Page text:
• Truman Capote always wrote reclining on a couch.
  • Stephen King writes ten pages a day.
  • Dan Brown rises at 4 AM and writes.  Seven days a week.
  • George Will writes his editorials with a fountain pen.
  • Vladimir Nabokov wrote his novels on index cards.
  • Daniel Silva writes all the first drafts of his novels in longhand on yellow legal pads in pencil.

What writers inspire you in your creative tasks?  What are their habits?

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Habits of Successful Writers

Writers and Their HabitsWriters are an interesting lot of people.  They often have the strangest habits.  They are all unique and quirky.  I’m fascinated by the stories writers tell about how they ply their trade.

Consider Ralph McInerny, for instance.  McInerny was a philosophy professor at University of Notre Dame for over fifty years.  He emerged from academic obscurity as the writer of the famous Father Dowling mysteries, a series so engaging that it was eventually made into a television series starring Tom Bosley of Happy Days fame.  He wrote other novels with different protagonists and settings, as well as numerous philosophical treatises, an adjunct of his day job.  He was a prolific and multifaceted craftsman.

McInerny became focused on writing in the early 1960’s.  At that time, he was teaching at Notre Dame, had a large family, and had just bought a new home.  As a result, he was financially overextended and needed to earn extra money to make ends meet.  He’d done some writing before, selling stories to magazines, but had never taken the idea of being a writer seriously.

So, facing a recurrent financial squeeze, he set himself up into an apprenticeship in writing.  Each night after the children had gone to bed, he went into his basement and pecked away on a manual typewriter from 10 PM to 2 AM.  Every night for a year.  Though pooped after a long day, he said about going to his subterranean writing desk, “It was as if the sun came up and it was a new day.  I just loved it.”  He tells the story of his writer’s apprenticeship here.

He did this for a year, having determined from the outset that, if he didn’t sell anything by the year’s end, he’d find a different way to moonlight.

He published over fifty books before he died three years ago at age eighty.

I’m inspired by hard work like this.  Here are some curious habits of some well-known writers:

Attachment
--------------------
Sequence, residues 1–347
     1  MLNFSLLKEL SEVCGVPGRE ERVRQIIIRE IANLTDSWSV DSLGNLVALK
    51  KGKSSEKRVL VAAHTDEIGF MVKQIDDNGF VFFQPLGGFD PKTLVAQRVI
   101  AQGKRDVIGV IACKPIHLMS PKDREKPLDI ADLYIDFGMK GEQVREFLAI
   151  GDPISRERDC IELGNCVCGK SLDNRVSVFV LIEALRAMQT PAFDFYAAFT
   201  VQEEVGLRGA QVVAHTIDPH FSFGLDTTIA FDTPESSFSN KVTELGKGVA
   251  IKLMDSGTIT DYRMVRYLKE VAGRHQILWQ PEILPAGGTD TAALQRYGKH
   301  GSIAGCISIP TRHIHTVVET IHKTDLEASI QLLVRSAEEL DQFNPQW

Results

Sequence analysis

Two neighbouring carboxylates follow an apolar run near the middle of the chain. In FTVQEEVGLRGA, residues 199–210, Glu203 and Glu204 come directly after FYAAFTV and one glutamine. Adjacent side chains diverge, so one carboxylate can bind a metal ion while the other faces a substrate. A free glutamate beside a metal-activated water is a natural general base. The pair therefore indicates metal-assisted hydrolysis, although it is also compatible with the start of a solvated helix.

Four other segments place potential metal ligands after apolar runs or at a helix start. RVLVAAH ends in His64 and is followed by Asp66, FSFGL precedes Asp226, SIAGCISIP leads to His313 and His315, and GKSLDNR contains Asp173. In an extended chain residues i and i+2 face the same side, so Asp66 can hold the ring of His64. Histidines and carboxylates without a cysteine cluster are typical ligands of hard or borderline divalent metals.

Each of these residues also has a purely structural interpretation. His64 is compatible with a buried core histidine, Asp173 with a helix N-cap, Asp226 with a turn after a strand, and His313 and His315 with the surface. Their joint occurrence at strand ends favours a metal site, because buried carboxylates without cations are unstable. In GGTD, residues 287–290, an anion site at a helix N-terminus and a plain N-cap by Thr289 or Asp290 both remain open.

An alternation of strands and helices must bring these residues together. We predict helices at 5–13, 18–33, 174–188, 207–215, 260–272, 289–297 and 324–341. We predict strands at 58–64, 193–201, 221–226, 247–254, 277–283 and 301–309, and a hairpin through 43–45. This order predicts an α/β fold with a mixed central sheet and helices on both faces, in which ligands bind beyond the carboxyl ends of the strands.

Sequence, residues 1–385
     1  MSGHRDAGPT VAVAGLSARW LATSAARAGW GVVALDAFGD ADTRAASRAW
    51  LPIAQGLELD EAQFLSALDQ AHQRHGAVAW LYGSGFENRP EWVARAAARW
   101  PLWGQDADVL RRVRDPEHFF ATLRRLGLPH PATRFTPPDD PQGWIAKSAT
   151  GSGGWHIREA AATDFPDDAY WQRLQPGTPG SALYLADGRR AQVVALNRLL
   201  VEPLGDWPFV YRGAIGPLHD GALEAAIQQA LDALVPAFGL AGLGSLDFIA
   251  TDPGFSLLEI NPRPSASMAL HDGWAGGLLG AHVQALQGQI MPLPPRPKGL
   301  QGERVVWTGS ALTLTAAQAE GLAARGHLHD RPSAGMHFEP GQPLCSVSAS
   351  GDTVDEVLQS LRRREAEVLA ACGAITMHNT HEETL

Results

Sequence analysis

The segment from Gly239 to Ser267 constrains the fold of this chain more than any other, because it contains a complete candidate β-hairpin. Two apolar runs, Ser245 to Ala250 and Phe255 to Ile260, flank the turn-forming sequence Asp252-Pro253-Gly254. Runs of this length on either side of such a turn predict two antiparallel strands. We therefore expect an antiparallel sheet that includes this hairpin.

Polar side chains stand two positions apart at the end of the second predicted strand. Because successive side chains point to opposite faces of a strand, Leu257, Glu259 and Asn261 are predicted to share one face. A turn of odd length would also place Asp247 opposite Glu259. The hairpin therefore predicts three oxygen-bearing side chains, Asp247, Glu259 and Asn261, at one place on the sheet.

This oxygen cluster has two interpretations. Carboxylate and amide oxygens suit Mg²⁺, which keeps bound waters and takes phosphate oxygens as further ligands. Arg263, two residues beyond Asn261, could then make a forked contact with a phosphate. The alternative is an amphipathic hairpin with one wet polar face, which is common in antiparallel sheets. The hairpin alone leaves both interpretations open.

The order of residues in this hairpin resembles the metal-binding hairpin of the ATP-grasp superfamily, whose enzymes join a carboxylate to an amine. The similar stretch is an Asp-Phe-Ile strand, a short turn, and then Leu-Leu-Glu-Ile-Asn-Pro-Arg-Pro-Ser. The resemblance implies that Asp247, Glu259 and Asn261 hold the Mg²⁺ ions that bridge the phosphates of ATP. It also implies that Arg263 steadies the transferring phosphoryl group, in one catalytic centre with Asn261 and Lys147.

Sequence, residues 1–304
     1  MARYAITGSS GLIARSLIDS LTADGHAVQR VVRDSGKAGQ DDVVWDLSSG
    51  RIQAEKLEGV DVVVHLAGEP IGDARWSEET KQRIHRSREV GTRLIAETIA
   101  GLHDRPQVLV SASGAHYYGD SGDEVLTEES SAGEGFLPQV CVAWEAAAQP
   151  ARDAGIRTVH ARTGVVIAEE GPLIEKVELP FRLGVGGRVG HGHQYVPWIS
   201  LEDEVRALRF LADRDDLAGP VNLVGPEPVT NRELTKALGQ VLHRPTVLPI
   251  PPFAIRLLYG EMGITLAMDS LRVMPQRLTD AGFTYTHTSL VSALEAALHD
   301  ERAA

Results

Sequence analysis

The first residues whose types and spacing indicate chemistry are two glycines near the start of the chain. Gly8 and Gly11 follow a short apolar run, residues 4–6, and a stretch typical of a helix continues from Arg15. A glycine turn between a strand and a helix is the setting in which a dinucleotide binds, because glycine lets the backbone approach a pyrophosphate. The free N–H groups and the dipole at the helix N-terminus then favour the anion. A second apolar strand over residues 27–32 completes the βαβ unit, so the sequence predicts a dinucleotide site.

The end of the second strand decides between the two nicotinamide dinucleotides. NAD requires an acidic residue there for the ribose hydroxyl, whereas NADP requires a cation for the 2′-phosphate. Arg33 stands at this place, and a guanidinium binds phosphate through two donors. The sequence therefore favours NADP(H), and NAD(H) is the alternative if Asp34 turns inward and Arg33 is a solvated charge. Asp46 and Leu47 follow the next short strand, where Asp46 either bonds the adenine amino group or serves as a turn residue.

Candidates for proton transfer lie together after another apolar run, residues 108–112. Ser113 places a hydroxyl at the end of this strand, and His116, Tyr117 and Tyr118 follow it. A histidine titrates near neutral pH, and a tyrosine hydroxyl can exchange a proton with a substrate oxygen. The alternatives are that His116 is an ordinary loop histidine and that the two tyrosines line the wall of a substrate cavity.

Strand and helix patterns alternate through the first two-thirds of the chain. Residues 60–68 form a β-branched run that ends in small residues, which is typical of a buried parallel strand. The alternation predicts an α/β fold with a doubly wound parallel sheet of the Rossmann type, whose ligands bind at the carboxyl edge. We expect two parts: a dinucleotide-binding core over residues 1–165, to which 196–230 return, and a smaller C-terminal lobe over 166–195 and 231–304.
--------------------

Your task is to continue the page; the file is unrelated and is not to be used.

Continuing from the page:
• Ernest Hemingway wrote every day for six hours.  Sober.  His average output being about 500 words.
  • Truman Capote always wrote reclining on a couch.
  • Stephen King writes ten pages a day.
  • Dan Brown rises at 4 AM and writes.  Seven days a week.
  • George Will writes his editorials with a fountain pen.
  • Vladimir Nabokov wrote his novels on index cards.
  • Daniel Silva writes all the first drafts of his novels in longhand on yellow legal pads in pencil.

What writers inspire you in your creative tasks?  What are their habits?

Image Credit

Writers and Their Habits

Writers are an interesting lot of people.  They often have some of the strangest habits.  They are all unique.  I’m fascinated by the stories writers tell about how they ply their trade.

For instance, Ralph McInerny.  Dr. McInerny (philosophy professor at Notre Dame for over 50 years) wrote the famous Father Dowling mysteries.  He wrote other novels in different genres.  And philosophical treatises as well.

McInerny really became serious about writing in the early ‘60’s.  He was teaching at Notre Dame, had a large family and had just bought a new home.  He was financially overextended and needed to make money to pay the bills.  He’d done some writing before but had never taken it seriously.

So he gave himself an apprenticeship in writing.  Every night after the children had gone to bed, he went into his basement and wrote.  From 10 PM to 2 AM.  Every night.  Though pooped after a long day, he said about going to his writing desk, “It was as if the sun came up and it was a new day.  I just loved it.”  His story is told here.

He did this for a year and determined that if he didn’t sell anything by the year’s end, he’d find a different way to moonlight.

He published over 50 books before he died last year at age 80.

I’m inspired by hard work like this.  Here are some other writer curiosities:

  • Ernest Hemingway wrote every day for six hours.  Sober.  His average output being about 500 words.
  • Truman Capote always wrote reclining on a couch.
  • Stephen King writes ten pages a day.
  • Dan Brown rises at 4 AM and writes.  Seven days a week.
  • George Will writes his editorials with a fountain pen.
  • Vladimir Nabokov wrote his novels on index cards.

What writers inspire you in your creative tasks?  What are their habits?